Title/Author: The Age of Miracles by Karen Thompson Walker
Publisher/Year Published: 2012 by Random House
How I got this book: Random House sent me this book for review.
Why I read this book: A free copy was offered to TBTB for review and I claimed it!
The Age of Miracles tells the story of twelve-year-old Julia, who wakes up one morning to discover—along with the rest of the world—that the Earth’s rotation has begun to slow. As both the days and nights grow longer, the gravity and the weather are not the only things to be affected: Julia must also deal with the societal implications as well as the effects on her own family and friends.
I really wanted to like this book. I love science fiction, and the plot sounded incredibly creative. I also love a good bildungsroman, and from the description I got from Random House as well as the book flap, it seemed like it would be a great story about growing up in a crumbling world. Unfortunately, it seemed a bit to me like Walker tried too hard to make it both without putting enough substance in the story.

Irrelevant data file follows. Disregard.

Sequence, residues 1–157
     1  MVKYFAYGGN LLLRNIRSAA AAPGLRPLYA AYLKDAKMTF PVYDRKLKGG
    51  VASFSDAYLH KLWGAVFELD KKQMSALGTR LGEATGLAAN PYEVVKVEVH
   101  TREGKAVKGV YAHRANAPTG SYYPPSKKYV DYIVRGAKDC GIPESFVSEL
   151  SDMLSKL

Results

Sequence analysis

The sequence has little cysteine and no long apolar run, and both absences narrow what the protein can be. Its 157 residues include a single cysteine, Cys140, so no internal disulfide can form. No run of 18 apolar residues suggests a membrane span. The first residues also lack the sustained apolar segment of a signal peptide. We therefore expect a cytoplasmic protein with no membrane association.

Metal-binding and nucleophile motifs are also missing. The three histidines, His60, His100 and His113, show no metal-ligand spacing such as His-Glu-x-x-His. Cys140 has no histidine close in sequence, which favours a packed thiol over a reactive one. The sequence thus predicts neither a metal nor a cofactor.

It just seemed to me like there were far too many loose ends. Early on, eleven-year-old Julia is sexually harassed at the bus stop by an older boy—and nothing at all comes of this, other than the fact that she loses a beloved necklace that is mentioned maybe one or two more times. Later, Julia’s friendship with her best friend Hanna collapses unexpectedly, with no resolution. I realize that this can happen to relationships, but it felt like it happened for no reason. After Julia turns twelve, she is invited to a small party in one of the wealthier neighborhoods, where she and a few other young teenagers drink beer—and again, nothing at all comes from it. Frankly, it seemed less like an actual plot than a series of random events, loosely strung together against the backdrop of the inexorable slowing of the Earth’s rotation.
I was also hoping to see some more of Julia’s actual growing up, but the only birthday she passes in the entire book is her twelfth. She’s much older in the last chapter/epilogue (at least 23), but most of the blanks between her twelfth year and her twenty-third are left unfilled. I think the story would have flowed a little better if it had taken place over more than a year.
I’m the type of person who likes long books that I can lose myself in—books where I can really get to know the characters and get involved in the story. At only 269 pages, this was not one of those books. It felt rushed and disorganized to me, despite the very promising plot, and I think that if she had explored some of the incidents I mentioned above a bit more, she could have written a much better, more coherent story.
Rating: 2.5/5 stars